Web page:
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By Marion M Scott

Christian Science Monitor, Saturday July 24 1920


LONDON, England - The production of a large new work by John Ireland could not fail to arouse attention, since he is now regarded as one of the most individual and progressive members of the young British school. The actual event, so far as London was concerned, took place on June 12, Lamond producing Ireland's sonata for piano at his recital at Wigmore Hall, though it is understood that he had played it in Bournemouth a week earlier.

It was placed centrally in Lamond's program, preceded by Beethoven's 32 variations in C minor, and followed by a long group of miscellaneous solos. There is no need to dwell specifically upon these. Lamond's Beethoven playing was as powerful and intellectual as usual; his Chopin over-robust and devoid of idealism; his Liszt of an amazing virtuosity.

This new sonata is undoubtedly a big work, and like most of Ireland's things, has evidently been written with deliberation and fixity of purpose, companioning his thoughts for many months, since the score bears the date "Chelsea: October 1918 to January 1920."

The sonata is cast in three movements: (a) allegro moderato, (2) non troppo-lento, (3) con moto moderato, and is described as being in E minor. Analysts, however, who may wish to trace the old, obvious key enters and relationships in this work, will find they have a difficult task. Not that the sonata is devoid of key; far from it. Ireland has his centers of harmonic interest, he balances his progressions with as complete a personal awareness of his intentions as an architect brings to a building, and his work is never loose-flung nor carelessly finished. But the sonata is difficult to follow in virtue of the extremely close chain of reasoning which governs its structure, and the marked individualism of its style.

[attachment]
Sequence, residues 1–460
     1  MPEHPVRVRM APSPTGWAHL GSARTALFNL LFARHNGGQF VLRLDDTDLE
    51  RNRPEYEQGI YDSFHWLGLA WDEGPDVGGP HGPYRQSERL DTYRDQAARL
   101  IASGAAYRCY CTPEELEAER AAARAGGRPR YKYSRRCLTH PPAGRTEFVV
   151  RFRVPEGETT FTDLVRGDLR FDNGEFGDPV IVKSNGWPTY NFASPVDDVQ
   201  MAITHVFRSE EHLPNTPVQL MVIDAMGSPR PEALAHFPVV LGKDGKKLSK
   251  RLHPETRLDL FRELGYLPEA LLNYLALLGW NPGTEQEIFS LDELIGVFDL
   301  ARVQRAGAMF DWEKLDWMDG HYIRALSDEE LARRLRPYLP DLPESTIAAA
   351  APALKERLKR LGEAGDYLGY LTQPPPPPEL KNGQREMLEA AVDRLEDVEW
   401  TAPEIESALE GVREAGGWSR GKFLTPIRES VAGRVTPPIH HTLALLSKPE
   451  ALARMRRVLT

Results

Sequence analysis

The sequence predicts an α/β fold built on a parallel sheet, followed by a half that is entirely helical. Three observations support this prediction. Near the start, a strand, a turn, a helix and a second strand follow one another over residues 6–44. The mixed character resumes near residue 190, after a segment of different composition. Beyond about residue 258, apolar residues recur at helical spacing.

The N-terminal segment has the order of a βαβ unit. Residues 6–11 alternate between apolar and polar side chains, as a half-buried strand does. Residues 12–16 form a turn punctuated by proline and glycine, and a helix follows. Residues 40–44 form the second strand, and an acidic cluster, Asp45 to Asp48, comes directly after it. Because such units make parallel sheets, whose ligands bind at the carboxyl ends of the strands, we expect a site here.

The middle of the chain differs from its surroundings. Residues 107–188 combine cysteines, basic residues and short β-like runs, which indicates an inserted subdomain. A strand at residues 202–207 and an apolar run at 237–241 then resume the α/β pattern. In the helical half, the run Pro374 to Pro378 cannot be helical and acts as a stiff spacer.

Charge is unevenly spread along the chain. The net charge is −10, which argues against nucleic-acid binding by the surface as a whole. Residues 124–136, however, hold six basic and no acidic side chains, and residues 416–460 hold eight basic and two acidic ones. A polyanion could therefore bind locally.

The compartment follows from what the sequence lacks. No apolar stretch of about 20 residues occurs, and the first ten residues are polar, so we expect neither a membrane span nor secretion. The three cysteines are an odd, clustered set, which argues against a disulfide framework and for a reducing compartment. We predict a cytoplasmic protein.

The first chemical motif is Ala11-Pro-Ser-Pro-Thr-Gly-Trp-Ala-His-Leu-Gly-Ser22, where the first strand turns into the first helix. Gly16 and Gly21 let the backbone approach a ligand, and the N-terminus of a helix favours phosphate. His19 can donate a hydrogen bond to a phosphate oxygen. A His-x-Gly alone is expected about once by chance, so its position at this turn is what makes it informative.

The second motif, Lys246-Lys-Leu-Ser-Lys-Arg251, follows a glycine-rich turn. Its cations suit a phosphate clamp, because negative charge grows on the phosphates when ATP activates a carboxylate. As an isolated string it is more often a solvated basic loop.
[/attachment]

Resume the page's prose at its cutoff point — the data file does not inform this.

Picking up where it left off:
The first movement of the sonata contains much that is striking, and the form (a refinement upon the classical sonata form) is as interesting to a composer as the brilliant passages are effective for a pianist; yet in some ways it is the least satisfactory movement of the three, for in it Ireland is closest to what he has done before and there are moments which recall his "Ragamuffin" or the violin sonata in A minor. But in the second and third movements he seems to have got clear of his earlier works and to be speaking directly from his present experience, revealing John Ireland as a man who has progressed.

The second movement is in B flat major, this unexpected juxtaposition of keys having been already foreshadowed by the first movement. Melodic beauty, harmonic color, breadth of design, together with much introspection, are the characteristics which appear upon a first hearing. Probably the movement does not give up all its secrets at once.

The finale (E major) begins with spacious dignity, and, gradually gathering momentum as it proceeds, seems impelled by some terrific energy to a tremendous end. It forms a fine close to a powerful work.

Lamond played it with immense conviction, a strong man interpreting the work of a strong man, his flowing tone, great striding passages and thunderous chords suiting the titanic mood of much of the music. But there were also delicate half-shades and fantasies which he missed, and therefore the performance did not stand as perfectly balanced.

The Sonata, however, made an instant impression, and both Lamond and Ireland were called to the platform at the close to bow their acknowledgments.

by Marion M Scott


This article appears here with the kind permission of Pamela Blevins



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